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One Week, Two Hacks And A Whole Bunch Of Cyber Worries


It's been a busy week for cyber criminals. First, the medical insurance giant Anthem was hacked, exposing the names, contact information and social security numbers of as many as 80 million people. Then, on Thursday, Inuit, the company that makes popular tax-preparation software TurboTax, had to halt transmitting state tax returns after reports of fraud in 18 different states. For advice on what to do, I consulted security expert Brian Krebs. We started with Anthem.

BRIAN KREBS: The number one thing that people should be watching out for is scammers who take advantage of this, and they're already starting doing this. So they're putting up fake websites that pretend to be Anthem offering free credit-monitoring services and, you know, trying to get you to click on things or give up information that you shouldn't give up. So - and this is happening not just via traditional phishing attacks, but also, according to Anthem, they're cold-calling people and asking for this information, pretending to be the company or a company that is working with Anthem to help people secure their identities. So just be very careful about those types of scams? We've already seen them, and we're going to see them ramp up even more, I think, in the weeks ahead.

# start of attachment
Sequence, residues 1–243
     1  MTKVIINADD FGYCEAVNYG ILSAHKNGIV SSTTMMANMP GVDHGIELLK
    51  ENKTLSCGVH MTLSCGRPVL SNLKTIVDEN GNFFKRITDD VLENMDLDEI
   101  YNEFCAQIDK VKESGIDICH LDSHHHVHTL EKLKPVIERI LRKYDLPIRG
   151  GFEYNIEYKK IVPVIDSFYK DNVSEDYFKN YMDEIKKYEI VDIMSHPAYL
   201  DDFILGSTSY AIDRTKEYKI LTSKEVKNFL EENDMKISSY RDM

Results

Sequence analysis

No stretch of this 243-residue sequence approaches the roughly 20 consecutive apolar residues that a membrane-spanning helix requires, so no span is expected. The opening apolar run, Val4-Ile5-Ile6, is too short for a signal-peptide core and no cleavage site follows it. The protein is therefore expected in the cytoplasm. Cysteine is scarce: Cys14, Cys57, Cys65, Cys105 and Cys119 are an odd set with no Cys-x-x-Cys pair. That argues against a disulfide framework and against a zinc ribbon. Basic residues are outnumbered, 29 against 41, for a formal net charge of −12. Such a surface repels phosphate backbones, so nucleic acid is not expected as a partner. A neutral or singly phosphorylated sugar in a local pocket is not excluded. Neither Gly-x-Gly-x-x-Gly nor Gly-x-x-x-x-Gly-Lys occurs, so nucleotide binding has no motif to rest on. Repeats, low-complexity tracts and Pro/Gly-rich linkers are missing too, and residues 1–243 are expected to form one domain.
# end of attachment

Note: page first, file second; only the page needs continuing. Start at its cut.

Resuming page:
RATH: Now, about TurboTax - they suspended state e-filing this past week. They've restarted it now, but if you're a person who files this way, what should you do?

KREBS: Well, first of all, you should find out if your taxes have already been filed for you. One way you can do is just log into your account and see if there's been any recent activity. If so, it might be a good idea to reach out to the state tax folks. Report that as quickly as possible. My advice to people is a lot of the tax fraud that's happening is happening because, number one, people wait till the last minute to file their taxes. So file your taxes as early as possible. And if you've become a victim - if somebody's already filed your taxes, make sure that you reach out to your state treasury department and to the federal folks. And the IRS has some great resources on their homepage for that.

RATH: Now, Brian, you don't write about this with total detachment. You've actually been the victim of this kind of fraud.

KREBS: (Laughter) Yes, same thing happened to me. I filed for an extension. We paid what we owed to the government. And then October came around, and we actually got around to filing our taxes, and they said, nope, somebody's done it for you. What the IRS does when you have this happen to you is they give you a filing pin. It's a special pin so that the next time you file, the return won't go through unless the filer has that pin. Consumers actually can proactively request this special filing pin by filling out a special form on the IRS's site. I think they make you sign a thing that says you think you're a victim of identity theft, or you're likely to be a victim of identity theft. But frankly, with how much of our data is being hacked and stolen, anybody could make that claim, I think, honestly these days.

RATH: That's Brian Krebs. He writes extensively about cyber security and crime at his website Brian, thanks very much.

KREBS: Hey, thanks for having me. Transcript provided by NPR, Copyright NPR.